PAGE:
INSIDE LOOK: Air Force Academy Cadet Chapel reconstruction

Digital Now

U.S. AIR FORCE ACADEMY — Nearly 50 truckloads of scaffolding now cover the inside of the Cadet Chapel at the U.S. Air Force Academy. 

It’s the beginning of a four-year renovation process to repair water leaks, damaged pews, refurbish pipe organs, and more. 

“We roughly receive about 800,000 visitors a year, so it is a national historic landmark, it’s a structure that people want to come see from all over the world,” said Pete Peterson, Cadet Chapel Public Relations Director. 

Once the outside structure surrounding the chapel is complete, it will be enclosed, creating a cocoon. 

USAFA says it will keep weather from hindering the renovation process. 

“We’ve taken all the acoustic plaster down inside the chapel, so although you’re not going to be able to see it with the cocoon in place, the building is going to be taken all the way down to its structure and rebuilt from there,” said Duane Boyle, Campus Architect for USAFA. 

USAFA says one of the biggest challenges has been matching aluminum to the exterior of the chapel.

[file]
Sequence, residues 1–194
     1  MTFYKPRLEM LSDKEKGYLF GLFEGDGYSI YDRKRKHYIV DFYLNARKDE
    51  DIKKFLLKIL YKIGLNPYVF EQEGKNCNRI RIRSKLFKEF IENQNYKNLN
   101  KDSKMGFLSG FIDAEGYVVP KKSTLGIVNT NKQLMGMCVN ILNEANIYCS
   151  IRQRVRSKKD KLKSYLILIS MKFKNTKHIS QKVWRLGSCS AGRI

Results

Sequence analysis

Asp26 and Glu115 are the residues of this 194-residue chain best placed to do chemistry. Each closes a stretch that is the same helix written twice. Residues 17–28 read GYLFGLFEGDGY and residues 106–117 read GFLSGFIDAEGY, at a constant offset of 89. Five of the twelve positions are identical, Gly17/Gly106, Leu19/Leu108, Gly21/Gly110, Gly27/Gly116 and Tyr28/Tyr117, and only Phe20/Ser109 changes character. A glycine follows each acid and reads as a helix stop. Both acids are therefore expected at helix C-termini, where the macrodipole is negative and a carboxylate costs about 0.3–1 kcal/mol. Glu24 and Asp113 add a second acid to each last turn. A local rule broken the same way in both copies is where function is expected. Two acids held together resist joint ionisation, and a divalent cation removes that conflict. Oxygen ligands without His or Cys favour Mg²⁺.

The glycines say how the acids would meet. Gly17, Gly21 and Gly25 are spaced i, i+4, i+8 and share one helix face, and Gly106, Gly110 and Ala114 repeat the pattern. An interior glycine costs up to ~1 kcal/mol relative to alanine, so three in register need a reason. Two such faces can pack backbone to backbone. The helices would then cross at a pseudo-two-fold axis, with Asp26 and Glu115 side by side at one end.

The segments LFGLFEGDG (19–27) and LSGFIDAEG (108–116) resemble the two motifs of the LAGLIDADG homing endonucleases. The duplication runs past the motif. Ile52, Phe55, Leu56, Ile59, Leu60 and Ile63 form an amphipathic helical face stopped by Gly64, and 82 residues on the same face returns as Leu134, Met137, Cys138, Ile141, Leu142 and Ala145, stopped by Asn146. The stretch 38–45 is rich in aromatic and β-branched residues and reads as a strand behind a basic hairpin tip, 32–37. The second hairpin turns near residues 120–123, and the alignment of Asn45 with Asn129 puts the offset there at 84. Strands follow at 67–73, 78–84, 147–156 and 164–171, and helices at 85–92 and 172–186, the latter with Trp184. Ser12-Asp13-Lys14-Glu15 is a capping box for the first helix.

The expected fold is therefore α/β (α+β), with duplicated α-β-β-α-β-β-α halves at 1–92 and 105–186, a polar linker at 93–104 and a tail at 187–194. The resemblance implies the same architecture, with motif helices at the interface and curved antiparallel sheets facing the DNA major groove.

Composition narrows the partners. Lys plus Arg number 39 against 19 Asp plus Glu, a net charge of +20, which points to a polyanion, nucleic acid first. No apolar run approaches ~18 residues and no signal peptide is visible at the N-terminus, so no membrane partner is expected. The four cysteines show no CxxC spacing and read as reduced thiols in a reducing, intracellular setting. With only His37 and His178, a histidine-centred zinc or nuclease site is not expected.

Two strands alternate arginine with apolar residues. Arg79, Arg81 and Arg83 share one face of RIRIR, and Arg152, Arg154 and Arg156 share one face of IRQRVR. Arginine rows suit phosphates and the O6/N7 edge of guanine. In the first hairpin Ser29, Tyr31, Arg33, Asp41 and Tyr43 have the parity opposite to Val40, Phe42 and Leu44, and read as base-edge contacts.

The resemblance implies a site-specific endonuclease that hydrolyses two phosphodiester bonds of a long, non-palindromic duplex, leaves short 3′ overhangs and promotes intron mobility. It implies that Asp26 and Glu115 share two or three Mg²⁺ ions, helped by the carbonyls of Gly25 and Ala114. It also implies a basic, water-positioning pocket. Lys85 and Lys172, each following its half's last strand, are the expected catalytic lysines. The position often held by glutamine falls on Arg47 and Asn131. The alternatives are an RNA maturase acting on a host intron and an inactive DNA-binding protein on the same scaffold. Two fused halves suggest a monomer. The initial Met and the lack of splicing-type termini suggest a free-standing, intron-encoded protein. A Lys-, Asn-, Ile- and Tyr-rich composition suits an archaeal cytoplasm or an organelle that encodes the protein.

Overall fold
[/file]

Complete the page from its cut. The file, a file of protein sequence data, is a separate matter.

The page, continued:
Now, they’re one step closer to understanding how original architect, Walter A. Netsch Jr., designed the building to give it a “living” look. 

“What Walter consciously chose to do was not to use anodized aluminum and that allows the aluminum to patina down over time. And that’s how he got the building to actually show age through the years and changing through the decades,” Boyle said. 

According to USAFA, the pews will be restored locally. The pipe organs are being restored in Georgia, and the stained glass will be restored in Los Angeles. 

“It’s truly a national effort trying to restore this building back to the unique building that it is, and one of America’s greatest buildings. When the building opens up, it’s going to look like it did when it was brand new. It’s going to be a much more silver color, much more shiny, and once again, as the original design intent, the building will all patina down over time and get back to the color that it is now and have that same characteristic of changing as the sun rotates around to the south and to the west,” Boyle said. 

The chapel closed its doors in September of 2019. 

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